9 Things New Parents Can Learn About Parenting

Pretty egotistical title, I know. Know this – it’s a lie – It was meant to grab your attention and elicit a reaction. The true title is probably something more along the lines of:

“New Parents… Chad is a twit – He makes a lot of mistakes and poor assumptions about parenting – Here’s how you can learn from his mistakes!”

This article is actually about how wrong I am about everything. But what the whole Texas Zoo Crew website experience is about…is learning. I have learned.  And you can learn from my mistakes.

Here is a collection of things I’ve changed my perspective on as a parent- “Cheers” to you doing better!

1) Enjoy your time in 5–10-minute increments

Yesterday my daughter crawled up into my lap to watch a college softball game on TV. She showed genuine interest and was really into it, asking appropriate questions based on observation. I remember feeling just fulfilled and happy. What a great dad moment…one of those things that make parenting great. That is until she heard the neighbor friends and dumped me faster than my prom date from High School. Wow.  That burned. It was great while it lasted though.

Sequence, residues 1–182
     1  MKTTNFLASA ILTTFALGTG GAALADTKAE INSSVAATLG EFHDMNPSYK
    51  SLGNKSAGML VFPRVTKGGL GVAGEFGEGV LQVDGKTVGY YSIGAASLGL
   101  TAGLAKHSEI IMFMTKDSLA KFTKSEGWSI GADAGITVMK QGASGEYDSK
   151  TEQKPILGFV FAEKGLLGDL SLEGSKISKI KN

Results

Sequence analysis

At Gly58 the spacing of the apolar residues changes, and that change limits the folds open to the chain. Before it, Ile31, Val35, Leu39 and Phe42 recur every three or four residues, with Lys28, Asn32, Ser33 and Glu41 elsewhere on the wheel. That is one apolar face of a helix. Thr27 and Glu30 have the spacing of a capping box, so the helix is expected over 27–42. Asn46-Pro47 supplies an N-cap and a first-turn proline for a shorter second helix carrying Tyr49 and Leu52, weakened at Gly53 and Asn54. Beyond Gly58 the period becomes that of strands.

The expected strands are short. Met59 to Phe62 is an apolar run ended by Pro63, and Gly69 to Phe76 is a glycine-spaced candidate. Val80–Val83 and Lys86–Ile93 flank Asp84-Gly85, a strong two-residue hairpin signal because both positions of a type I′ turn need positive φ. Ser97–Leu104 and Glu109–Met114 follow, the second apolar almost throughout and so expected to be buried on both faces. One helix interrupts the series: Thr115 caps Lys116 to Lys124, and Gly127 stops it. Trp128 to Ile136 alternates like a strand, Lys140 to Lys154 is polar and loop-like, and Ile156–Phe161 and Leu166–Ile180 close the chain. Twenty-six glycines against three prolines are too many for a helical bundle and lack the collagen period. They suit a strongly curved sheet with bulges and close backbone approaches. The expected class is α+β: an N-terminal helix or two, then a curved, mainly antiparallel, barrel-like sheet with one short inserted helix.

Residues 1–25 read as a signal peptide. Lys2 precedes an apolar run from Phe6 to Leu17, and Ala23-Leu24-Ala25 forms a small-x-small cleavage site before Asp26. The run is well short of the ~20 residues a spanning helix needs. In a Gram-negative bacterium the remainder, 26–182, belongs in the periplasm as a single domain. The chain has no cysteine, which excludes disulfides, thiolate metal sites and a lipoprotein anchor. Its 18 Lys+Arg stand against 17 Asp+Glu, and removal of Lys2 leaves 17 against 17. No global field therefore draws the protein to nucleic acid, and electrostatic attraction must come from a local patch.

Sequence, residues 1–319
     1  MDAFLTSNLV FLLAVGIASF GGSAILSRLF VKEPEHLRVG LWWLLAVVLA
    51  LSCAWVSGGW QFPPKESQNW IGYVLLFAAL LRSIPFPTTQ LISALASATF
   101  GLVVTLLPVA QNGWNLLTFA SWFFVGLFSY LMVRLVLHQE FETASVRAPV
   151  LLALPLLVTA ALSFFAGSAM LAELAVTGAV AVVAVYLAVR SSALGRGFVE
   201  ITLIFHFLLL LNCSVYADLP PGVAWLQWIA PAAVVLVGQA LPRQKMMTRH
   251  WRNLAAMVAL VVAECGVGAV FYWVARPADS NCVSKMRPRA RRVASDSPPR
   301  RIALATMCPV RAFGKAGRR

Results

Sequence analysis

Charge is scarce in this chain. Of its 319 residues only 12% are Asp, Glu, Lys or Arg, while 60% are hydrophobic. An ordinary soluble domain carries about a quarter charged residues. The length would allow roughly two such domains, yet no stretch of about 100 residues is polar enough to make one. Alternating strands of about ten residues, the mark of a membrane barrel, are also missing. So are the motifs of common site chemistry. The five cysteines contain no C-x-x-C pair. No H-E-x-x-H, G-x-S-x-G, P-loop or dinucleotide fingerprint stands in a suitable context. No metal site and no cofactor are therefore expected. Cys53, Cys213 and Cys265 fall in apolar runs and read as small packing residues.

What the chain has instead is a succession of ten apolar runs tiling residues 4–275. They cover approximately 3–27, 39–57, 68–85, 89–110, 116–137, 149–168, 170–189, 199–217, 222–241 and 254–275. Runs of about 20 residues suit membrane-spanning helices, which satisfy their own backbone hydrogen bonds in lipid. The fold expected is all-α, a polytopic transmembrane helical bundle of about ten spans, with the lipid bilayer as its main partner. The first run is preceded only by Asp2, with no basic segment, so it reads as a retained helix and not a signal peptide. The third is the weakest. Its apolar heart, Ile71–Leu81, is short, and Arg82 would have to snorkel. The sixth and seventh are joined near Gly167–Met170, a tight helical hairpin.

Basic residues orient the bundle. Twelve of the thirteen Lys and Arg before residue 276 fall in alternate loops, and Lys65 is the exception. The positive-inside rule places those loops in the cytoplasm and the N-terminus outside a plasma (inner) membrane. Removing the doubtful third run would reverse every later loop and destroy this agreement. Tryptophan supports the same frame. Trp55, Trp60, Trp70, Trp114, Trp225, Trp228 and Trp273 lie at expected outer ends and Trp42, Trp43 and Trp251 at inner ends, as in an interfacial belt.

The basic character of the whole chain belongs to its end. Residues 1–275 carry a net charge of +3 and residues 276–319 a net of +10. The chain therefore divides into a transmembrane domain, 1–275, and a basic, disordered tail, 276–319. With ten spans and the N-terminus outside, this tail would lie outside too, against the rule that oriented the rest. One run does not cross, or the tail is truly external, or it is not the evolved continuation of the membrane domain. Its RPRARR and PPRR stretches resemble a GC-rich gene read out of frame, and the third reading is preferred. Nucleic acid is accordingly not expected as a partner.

The time was great for her though – it was enough, and it was real bonding with pops! But now, what’s next?

As adults, we enjoy our experiences as they evolve and grow and tend to equate “time happy” with “better experience.” To kids, not so much. They just want happy. Time isn’t in the equation.

A few years ago, my dad and I had this dream bonding trip I think about often. We took a road trip to the NCAA national Wrestling tournament, just the two of us with big points, big names, guts and glory. I was 40. It was nice and the “tantrums” were at a minimum with me being…well, 40 years old. That trip doesn’t happen like that if I’m 6. Our brains are just a lot more meshed as adults.